How to Open 7z and Other Archive Files on OS X

OS X has the built-in ability to handle ZIP archives, but for other archive types like RAR, Stuffit, and especially 7-Zip, you’ll need add-on software. Luckily, there’s a free alternative in the App Store you can download that will do the trick just fine.

The Unarchiver should be familiar to many Mac users who have ever needed a reliable way to unpack archives that aren’t ZIP files. The Unarchiver will handle an extensive list of archive files far beyond those previously mentioned. Basically, if you have an archive file that you need to unpack, The Unarchiver is your tool.

When you open The Unarchiver, you’ll see its preferences. The first tab is “Archive Formats”. As you can see, there’s quite a few and among the first is the 7-Zip or 7z format. If 7z isn’t already selected, then go ahead and check the box next to it so that you can automatically open 7-Zip archives with The Unarchiver.

If you want to open all archive types supported by The Unarchiver then you can click the “Select all” button. If you change your mind and want to select archives individually, then click “Deselect all”.

Next is the “Extraction” tab, which allows you to choose where you extract archives. By default, The Unarchiver will ask you for a destination folder, but you can also choose the same folder as the archive, or some “Other” location.

There are also options to create new folders for extracted files, set the modification date, and to decide what happens after successfully extracting an archive.

When you successfully extract an archive, you can open the extracted folder, or move it to the trash.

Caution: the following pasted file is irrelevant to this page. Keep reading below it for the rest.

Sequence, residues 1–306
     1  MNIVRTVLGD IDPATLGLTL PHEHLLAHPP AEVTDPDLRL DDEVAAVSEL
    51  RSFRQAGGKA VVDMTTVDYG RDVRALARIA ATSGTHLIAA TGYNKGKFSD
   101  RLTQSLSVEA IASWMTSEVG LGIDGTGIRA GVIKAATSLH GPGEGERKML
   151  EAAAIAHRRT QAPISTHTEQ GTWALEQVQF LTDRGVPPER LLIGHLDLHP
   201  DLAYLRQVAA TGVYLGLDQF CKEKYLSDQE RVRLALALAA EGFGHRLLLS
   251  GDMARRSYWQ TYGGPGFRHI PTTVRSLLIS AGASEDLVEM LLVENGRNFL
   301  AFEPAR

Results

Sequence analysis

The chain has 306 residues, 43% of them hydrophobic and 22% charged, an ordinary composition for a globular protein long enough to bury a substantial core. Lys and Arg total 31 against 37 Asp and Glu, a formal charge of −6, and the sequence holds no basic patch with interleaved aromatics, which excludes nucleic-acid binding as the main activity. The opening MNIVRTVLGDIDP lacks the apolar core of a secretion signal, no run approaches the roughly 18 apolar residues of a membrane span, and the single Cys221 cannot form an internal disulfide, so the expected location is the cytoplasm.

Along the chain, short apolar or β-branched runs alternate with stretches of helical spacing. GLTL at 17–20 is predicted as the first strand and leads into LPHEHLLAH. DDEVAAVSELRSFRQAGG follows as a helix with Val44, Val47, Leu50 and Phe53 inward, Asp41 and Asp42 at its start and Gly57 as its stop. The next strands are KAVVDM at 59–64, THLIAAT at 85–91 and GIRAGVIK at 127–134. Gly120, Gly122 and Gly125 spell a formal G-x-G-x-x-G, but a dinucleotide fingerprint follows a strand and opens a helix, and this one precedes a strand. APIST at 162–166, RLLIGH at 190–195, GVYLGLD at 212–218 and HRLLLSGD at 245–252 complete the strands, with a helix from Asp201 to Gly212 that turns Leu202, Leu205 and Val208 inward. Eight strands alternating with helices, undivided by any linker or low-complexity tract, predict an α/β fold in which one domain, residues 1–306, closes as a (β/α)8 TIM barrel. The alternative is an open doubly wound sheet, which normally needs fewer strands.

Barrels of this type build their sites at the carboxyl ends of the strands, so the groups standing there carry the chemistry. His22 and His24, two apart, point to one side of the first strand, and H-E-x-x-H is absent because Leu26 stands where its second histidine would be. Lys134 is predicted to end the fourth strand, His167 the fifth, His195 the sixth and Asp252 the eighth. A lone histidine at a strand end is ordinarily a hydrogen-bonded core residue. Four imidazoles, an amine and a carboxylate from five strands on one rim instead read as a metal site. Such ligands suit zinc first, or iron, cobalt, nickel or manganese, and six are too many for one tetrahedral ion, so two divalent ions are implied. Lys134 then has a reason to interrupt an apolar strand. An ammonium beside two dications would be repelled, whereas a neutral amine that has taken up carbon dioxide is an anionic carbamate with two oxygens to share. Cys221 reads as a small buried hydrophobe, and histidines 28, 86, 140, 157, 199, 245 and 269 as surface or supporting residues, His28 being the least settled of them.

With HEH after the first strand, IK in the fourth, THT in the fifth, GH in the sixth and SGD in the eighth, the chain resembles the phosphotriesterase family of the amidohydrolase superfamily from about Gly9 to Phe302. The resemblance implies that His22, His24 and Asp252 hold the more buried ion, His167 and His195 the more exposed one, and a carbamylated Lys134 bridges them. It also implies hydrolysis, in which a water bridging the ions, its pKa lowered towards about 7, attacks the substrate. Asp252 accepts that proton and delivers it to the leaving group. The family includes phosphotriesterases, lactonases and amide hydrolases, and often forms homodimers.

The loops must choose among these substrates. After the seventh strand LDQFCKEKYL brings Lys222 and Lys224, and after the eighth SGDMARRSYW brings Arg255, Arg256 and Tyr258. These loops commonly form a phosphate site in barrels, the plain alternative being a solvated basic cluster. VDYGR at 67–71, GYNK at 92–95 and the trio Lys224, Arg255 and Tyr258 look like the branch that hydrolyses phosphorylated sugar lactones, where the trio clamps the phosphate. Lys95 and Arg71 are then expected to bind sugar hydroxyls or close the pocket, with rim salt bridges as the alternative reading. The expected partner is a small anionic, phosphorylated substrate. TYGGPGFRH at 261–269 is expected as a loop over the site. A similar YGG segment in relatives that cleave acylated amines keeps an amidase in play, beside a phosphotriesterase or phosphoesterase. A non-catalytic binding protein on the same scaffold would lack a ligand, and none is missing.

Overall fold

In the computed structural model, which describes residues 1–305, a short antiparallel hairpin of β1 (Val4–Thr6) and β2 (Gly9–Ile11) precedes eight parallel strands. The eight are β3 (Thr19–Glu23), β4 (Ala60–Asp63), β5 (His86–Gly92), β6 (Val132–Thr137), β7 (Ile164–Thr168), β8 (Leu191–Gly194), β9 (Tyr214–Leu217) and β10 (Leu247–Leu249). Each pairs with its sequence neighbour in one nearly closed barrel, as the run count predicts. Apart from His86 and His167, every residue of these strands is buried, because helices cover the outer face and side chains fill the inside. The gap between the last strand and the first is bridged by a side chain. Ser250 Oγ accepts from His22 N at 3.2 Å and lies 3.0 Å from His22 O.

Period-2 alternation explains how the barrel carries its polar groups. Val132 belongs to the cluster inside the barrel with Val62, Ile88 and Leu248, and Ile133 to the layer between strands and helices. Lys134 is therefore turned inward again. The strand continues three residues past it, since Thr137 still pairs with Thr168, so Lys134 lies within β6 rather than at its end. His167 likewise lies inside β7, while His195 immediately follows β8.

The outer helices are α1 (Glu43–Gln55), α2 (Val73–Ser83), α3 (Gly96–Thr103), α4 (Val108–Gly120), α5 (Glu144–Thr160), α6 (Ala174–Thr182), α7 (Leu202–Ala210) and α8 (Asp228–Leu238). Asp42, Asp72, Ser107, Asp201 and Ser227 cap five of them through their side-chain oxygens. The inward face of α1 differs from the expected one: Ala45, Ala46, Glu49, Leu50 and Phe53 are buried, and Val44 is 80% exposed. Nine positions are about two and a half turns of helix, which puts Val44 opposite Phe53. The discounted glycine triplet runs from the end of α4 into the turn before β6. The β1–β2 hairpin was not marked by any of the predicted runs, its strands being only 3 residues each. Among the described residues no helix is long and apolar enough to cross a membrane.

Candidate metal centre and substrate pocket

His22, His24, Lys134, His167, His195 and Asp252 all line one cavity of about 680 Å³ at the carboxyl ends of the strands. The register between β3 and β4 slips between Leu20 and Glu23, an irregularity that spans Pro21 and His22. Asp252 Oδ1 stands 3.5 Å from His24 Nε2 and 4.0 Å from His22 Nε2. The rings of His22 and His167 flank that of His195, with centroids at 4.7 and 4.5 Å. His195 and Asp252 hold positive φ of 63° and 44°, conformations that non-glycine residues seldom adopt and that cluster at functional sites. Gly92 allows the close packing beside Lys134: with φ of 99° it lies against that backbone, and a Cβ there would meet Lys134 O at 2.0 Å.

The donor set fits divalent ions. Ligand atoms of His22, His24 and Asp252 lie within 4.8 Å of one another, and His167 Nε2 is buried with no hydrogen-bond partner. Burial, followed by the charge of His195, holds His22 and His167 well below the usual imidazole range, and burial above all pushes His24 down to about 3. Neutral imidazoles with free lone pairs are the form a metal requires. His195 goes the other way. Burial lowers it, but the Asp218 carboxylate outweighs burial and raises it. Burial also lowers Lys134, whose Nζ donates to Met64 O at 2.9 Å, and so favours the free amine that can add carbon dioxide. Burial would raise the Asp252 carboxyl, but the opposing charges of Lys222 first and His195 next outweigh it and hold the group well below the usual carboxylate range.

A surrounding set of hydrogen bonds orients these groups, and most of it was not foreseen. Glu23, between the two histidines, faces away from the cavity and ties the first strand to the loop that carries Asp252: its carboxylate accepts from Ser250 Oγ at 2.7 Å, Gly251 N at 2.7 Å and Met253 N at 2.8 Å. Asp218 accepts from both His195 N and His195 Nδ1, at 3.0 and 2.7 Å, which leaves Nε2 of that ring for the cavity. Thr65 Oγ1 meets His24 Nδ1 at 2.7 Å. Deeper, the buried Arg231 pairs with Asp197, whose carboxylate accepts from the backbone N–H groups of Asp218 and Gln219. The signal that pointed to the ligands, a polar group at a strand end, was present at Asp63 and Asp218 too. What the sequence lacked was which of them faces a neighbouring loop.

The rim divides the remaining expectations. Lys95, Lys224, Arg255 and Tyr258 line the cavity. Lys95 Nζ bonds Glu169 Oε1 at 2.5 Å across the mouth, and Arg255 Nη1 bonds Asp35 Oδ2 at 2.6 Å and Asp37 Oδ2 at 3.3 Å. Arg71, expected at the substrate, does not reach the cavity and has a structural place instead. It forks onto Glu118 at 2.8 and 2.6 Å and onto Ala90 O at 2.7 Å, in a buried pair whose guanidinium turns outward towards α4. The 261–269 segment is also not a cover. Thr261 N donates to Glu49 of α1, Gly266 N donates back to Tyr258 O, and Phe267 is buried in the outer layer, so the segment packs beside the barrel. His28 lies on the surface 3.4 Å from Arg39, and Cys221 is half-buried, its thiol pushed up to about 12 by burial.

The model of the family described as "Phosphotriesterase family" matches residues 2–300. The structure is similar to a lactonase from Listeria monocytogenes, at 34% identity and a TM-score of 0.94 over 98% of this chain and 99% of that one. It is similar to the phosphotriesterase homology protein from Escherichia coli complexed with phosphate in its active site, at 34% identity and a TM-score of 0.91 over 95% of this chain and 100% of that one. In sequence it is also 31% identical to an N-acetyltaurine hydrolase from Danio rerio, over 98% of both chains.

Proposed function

Finally, there’s the “Advanced” tab. You’re unlikely to really need to bother with this so we won’t cover it other than to say that it deals primarily with filename encoding, and the confidence threshold.

As we showed you earlier, when you open an archive with The Unarchiver, by default it will ask you to choose a destination folder. Here, the destination folder is “Documents” but you can navigate to another location or create a new folder in which to place your extracted items.

When you’ve finally chosen your destination and you’re ready, simply click the “Extract” button and the archive’s contents will be dumped into it.

Keep in mind, The Unarchiver only extracts, you cannot create new archives with it, though you can create ZIP archives using the the built-in abilities found in OS X. That said, if you keep running across archive formats (such as the aforementioned 7-Zip variety) that you can’t open, then you should most definitely try out The Unarchiver.

For the most part, the only archive files you’re likely to run into on a consistent basis are ZIP, RAR, and 7z. While OS X has you covered with ZIP files, the other ones might throw you for a loop. Luckily, The Unarchiver makes things easy by providing you with quick way to extract non-zipped archives.

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Matt Klein is an aspiring Florida beach bum, displaced honorary Texan, and dyed-in-wool Ohio State Buckeye, who fancies himself a nerd-of-all-trades. His favorite topics might include operating systems, BBQ, roller skating, and trying to figure out how to explain quantum computers.